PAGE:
E10 biofuel: Department for Transport explains why it’s ‘better'
We use your sign-up to provide content in ways you’ve consented to and to improve our understanding of you. This may include adverts from us and 3rd parties based on our understanding. You can unsubscribe at any time. More info
In a bid to reduce environmental impact, the Government has rolled out E10 fuel as the default petrol across England, Scotland and Wales. While it is welcome news for the environment, many car owners are unable to use the new petrol type.
This is due to the ingredients used to make the petrol, which, for some makes, can cause damage to their pipes and engines.
E10 petrol is made using an estimated 10 percent renewable ethanol, concocted from materials including low-grade grains, sugars and waste wood.
The new fuel is anticipated to slash CO2 emissions on UK roads by an impressive 750,000 tonnes annually.
However, for some car owners, the eco-friendly fuel could cause chaos.
Due to the ethanol contained in the fuel, consistent use could see seals, plastics and metals in certain car engines irreparably damaged.
It is estimated that around 600,000 – 700,000 older vehicles on UK roads will not be able to use the new E10 fuel.
Motorists whose cars were manufactured before 2011 can use the Government’s free online checker to see if their vehicle is compatible with the new fuel. However, the Government has warned that they will not take any responsibility for any damages to vehicles when using the checker, especially if the car has been fitted with replacement parts.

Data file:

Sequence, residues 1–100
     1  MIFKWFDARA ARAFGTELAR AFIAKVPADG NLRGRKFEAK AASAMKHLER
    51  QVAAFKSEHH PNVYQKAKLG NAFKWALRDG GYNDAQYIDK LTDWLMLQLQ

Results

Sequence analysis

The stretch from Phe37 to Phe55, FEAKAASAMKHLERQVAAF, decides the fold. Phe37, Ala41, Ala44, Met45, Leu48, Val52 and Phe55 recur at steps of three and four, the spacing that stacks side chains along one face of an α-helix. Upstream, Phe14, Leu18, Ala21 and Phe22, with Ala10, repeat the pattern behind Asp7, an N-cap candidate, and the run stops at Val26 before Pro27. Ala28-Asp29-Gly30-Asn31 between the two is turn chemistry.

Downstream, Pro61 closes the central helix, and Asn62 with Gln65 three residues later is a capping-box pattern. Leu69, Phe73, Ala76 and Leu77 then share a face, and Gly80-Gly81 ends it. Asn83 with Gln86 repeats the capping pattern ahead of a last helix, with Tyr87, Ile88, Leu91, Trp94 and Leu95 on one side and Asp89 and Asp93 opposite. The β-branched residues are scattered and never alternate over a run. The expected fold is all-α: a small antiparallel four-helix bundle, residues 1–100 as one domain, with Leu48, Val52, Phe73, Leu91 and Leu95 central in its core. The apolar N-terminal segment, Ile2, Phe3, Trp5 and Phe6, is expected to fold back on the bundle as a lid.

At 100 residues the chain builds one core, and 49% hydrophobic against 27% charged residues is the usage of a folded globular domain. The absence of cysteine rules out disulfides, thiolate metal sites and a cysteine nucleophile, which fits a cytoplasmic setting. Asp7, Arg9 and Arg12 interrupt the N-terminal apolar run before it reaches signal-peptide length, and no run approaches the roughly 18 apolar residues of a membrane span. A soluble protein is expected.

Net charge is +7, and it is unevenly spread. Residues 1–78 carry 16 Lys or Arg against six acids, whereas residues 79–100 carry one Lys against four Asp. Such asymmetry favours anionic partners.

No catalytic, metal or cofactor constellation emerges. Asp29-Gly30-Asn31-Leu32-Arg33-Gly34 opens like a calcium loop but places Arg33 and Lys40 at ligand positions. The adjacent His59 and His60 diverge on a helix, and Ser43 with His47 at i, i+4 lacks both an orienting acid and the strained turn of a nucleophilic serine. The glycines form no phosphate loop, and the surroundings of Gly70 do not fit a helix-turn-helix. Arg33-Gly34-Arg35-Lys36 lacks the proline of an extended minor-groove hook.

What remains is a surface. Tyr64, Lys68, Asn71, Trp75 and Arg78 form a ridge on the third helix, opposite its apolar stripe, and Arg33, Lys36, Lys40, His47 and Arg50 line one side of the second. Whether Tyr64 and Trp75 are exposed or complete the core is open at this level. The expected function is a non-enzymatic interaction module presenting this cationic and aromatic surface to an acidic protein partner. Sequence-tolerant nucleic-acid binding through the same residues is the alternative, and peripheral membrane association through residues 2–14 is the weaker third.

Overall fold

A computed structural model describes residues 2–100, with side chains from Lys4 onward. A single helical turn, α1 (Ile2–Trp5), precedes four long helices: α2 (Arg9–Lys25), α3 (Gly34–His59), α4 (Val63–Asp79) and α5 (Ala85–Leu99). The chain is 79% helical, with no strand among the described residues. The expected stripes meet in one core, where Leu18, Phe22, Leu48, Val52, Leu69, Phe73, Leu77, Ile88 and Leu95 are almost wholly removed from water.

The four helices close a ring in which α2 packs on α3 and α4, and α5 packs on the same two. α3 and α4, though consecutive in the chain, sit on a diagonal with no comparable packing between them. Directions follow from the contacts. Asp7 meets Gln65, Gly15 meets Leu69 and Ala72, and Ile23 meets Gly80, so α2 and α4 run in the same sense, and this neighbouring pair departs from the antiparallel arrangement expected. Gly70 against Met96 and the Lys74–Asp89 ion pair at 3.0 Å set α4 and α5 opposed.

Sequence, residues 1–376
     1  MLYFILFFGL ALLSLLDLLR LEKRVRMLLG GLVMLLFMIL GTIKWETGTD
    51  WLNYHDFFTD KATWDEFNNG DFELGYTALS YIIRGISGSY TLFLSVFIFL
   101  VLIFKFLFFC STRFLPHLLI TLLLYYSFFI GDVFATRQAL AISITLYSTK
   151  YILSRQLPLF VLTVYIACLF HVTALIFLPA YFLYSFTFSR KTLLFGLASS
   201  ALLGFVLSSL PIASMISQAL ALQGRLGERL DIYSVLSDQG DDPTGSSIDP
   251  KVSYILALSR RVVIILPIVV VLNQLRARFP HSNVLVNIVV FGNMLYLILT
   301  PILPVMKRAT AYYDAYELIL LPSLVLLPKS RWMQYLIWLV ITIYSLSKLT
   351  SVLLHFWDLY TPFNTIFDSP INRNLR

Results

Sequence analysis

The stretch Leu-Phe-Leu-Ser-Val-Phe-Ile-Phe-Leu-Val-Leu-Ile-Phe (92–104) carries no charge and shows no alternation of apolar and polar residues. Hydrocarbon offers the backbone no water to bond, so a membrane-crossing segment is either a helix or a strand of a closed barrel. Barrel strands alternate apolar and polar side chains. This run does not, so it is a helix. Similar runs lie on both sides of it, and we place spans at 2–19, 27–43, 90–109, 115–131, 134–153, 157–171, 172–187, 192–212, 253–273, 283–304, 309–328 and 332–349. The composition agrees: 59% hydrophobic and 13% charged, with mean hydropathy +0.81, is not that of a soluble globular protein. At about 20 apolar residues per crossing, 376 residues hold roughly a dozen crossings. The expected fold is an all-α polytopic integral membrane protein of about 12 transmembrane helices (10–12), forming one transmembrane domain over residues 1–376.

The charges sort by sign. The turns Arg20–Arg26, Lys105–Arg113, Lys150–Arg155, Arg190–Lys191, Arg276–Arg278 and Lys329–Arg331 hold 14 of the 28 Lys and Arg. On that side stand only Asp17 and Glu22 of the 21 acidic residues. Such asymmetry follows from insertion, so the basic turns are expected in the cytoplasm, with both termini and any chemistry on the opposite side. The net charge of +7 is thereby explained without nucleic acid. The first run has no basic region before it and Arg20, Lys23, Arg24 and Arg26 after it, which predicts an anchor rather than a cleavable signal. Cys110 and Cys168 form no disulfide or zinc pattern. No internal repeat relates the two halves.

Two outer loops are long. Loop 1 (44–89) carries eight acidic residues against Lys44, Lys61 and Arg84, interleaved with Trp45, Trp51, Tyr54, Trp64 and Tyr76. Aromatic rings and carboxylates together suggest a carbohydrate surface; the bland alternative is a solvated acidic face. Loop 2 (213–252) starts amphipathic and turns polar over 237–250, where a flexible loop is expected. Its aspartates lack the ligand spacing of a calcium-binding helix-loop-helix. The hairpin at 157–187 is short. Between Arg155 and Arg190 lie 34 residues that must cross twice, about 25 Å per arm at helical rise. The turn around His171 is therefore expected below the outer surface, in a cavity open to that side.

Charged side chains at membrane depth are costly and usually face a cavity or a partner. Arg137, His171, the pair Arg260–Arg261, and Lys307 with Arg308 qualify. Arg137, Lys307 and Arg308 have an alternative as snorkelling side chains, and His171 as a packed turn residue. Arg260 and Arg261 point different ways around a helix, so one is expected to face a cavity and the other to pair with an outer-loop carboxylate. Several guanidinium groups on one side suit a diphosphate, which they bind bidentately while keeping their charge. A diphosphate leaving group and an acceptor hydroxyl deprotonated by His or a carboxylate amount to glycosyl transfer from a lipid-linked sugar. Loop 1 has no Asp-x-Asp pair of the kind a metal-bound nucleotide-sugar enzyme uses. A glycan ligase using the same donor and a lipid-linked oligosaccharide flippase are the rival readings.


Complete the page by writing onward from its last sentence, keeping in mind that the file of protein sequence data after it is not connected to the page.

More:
‘Pay for its upkeep’: Concern over calls for cyclists to pay tax [INSIGHT]
Full list of the 35 changes to the Highway Code 2021 [FULL LIST]
Anger over calls for cyclists to pay ‘a form of tax’ [COMMENT]
Though a wide spectrum of car makes could be impacted, experts have highlighted 10 “popular” models which are at risk from the new standard petrol.
The most popular of these is the VW, with over 28,000 registered on the roads today.
Models by Nissan, Ford and Mazda also make the list.
The top 10 list of most “popular” car models in the UK that are incompatible with E10 fuel are:
- Volkswagen Golf (28,066 registered in the UK)
- MG MGB (20,890)
- Mazda MX-5 (18,162 registered in the UK)
- Nissan Micra (15,785 registered in the UK)
- Morris Minor (12,796 registered in the UK)
- Rover 25 (9,879 registered in the UK)
- MG MGF (9,352 registered in the UK)
- Ford Escort (8,947 registered in the UK)
- Rover Mini (7,614 registered in the UK)
- MG TF (7,568 registered in the UK)
Keith Hawes, director of Nationwide Vehicle Contracts, added: “Aside from the popular vehicle models we’ve listed, classic car owners are likely to be the most heavily impacted by the introduction of E10 fuel.
“Unfortunately, there isn’t a quick fix for older car models which will now be deemed incompatible with E10.
“Owners will be faced with the decision to either spend time finding a petrol station (that still offers E5 – the current biofuel available on the market) or contemplate shelling out on a newer car model.”
Mr Hawes also shared some advice for car owners who may accidentally fill up their engine with an incompatible fuel.
He explained: “If you accidentally put E10 fuel in your incompatible vehicle, don’t worry.
“The consequences really aren’t as catastrophic as if you were to put diesel in your unleaded car.
“It shouldn’t be a problem if this is a one-off but, if you were to repeatedly use E10 on incompatible car models, the impact could really damage your vehicle’s engine in the long run.”
Source: Read Full Article